“The superpowers often behave like two heavily armed blind men feeling their way around a room, each believing himself in mortal peril from the other, whom he assumes to have perfect vision.”
- Dr. Henry Kissinger (1923-present), former National Security Advisor and Secretary of State
Since the beginning of the genre, the underlying subtext of superhero comics, so
beautifully brought to its logical boiling point over the last several years of Marvel stories (from House of M through the current Siege and Fall of the Hulks), has been the potential of the superman (or even Superman) to become a weapon. In order to stop America from creating an army of super-soldiers, a Nazi agent murdered Dr. Abraham Erskine. When the United States Armed Forces couldn’t weaponize the Hulk, they decided to hunt him. When President Lex Luthor couldn’t manipulate or control Batman and Superman, he sought to destroy them. And how soon we forget the magic words “Shazam!” and “Kimota!”…
Mark Waid’s Irredeemable and its side-series Incorruptible have made recent waves over the last several months as this concept becomes crystallized while America continues its war on the so-called “Axis of Evil”. By now, everyone knows the details of the story of the Plutonian, a Superman analog who became the world’s greatest supervillain and mass-murderer. There is no need to rehash it here. It seems, in some circles, that Waid’s work has become the focal point for comics’ take on human WMDs.
Not so. Not so at all.
Towards the end of George W. Bush’s final term in office, Warren Ellis began an informal, thematically linked trilogy, an examination of what a superhuman arms race could conceivably be like. It started with Black Summer, the inciting incident of which is the assassination of a US President by government-created superhuman John Horus; continued into No Hero, the tale of an Avengers-like superteam who police the world, and also carry their own dark secrets; and continues today with the currently-running Supergod, which subverts the origin of the Fantastic Four and even Ellis’ own work in books like Planetary and Orbiter in its quest to tell us exactly why “praying to a man who can fly will get you killed”.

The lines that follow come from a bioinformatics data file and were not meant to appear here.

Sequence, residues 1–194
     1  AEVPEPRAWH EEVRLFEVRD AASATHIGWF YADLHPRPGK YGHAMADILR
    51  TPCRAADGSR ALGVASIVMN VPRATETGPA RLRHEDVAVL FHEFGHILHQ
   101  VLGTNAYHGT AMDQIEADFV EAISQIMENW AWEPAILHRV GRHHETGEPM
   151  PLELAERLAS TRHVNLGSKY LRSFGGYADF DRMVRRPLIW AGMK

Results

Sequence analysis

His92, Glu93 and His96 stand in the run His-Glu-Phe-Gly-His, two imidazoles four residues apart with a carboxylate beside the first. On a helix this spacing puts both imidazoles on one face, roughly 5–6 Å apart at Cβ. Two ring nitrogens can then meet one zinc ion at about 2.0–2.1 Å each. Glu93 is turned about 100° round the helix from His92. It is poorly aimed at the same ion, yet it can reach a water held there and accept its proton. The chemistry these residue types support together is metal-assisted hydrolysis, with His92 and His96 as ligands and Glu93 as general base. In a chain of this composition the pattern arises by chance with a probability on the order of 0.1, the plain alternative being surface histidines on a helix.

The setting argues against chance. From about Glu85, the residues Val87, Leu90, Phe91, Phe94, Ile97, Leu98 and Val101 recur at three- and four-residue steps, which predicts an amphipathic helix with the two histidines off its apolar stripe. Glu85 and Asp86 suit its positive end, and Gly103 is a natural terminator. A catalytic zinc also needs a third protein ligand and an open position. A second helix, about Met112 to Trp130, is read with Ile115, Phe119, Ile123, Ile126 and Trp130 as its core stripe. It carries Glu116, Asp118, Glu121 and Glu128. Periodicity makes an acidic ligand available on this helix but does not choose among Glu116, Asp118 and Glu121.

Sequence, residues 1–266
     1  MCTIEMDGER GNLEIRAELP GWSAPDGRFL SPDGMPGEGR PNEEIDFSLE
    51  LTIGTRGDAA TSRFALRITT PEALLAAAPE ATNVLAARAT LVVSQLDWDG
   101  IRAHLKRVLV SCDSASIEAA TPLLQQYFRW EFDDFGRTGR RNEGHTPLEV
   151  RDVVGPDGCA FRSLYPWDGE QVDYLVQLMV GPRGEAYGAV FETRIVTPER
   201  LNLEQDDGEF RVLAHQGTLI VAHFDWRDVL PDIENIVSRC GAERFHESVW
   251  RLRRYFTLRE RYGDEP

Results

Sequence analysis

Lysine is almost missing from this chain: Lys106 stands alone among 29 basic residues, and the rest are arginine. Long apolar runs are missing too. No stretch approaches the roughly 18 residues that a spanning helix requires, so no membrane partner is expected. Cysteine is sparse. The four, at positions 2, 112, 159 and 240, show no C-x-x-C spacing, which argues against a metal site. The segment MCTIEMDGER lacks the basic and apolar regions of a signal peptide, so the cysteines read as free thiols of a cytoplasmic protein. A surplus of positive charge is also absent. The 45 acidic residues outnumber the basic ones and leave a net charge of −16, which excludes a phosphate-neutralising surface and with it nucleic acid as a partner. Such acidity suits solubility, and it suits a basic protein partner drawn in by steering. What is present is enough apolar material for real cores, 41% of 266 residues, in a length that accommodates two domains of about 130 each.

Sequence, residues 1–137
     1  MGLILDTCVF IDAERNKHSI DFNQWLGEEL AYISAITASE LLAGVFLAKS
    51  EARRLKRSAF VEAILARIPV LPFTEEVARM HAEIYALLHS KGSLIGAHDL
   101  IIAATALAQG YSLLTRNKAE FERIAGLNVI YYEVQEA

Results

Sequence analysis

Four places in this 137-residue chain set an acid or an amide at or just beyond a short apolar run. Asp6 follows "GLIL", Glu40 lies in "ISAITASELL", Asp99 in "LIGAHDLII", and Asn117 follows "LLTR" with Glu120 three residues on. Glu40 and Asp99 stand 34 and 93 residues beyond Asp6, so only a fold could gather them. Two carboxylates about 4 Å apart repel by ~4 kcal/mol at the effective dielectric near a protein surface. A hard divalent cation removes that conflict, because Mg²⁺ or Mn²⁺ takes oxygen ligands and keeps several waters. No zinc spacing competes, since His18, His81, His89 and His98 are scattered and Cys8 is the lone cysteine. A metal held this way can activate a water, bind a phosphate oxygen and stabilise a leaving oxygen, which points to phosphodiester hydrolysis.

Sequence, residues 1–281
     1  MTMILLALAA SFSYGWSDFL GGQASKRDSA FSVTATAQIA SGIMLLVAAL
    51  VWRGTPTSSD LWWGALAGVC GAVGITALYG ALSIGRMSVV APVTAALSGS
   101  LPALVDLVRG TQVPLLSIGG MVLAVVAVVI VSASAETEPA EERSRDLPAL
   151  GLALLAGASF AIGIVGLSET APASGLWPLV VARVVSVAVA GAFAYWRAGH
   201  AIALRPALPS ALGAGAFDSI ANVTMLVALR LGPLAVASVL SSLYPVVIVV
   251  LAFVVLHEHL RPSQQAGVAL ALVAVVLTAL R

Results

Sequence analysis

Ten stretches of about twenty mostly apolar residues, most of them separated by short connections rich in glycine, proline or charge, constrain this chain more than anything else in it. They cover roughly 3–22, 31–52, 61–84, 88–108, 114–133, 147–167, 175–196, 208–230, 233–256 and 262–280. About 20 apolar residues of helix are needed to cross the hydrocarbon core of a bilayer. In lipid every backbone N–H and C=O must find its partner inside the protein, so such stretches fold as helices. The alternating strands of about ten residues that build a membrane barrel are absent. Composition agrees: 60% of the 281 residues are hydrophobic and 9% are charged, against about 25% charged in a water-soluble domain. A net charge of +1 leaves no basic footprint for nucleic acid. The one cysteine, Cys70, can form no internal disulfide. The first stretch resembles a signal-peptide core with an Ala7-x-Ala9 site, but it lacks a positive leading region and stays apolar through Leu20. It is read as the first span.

Similarly, Marvel has released a duo of seemingly unrelated, though ultimately intertwined, mini-series. The Ed Brubaker-penned The Marvels Project, describing in great detail the birth of heroes like Captain America, Nick Fury and the original Angel, is of course intertwined with the modern-day revival of The Torch, which re-integrates Jim Hammond and Toro into the modern Marvel Universe while, as the original android Human Torch is also a key figure in Brubaker’s work.
The common thread between all five of these works is, of course, the creation of the superman and what happens when he is weaponized. In Black Summer, Horus and his team begin their post-human existence as a government ops team; it is only when Horus acts on his own that he is seen as threat to mankind, not when he’s ordered to go hither and thither like a latter-day Doctor Manhattan kowtowing to elected officials. The twist in No Hero’s final installment is, of course, that the series’ point-of-view character is actually an agent of several world governments, sent to trick the world’s only superteam into giving him immense powers and then destroying them from within after losing his mind and various portions of his body. Supergod seems to be leading to the end of the world at the hands of either supermen or humans reacting to supermen.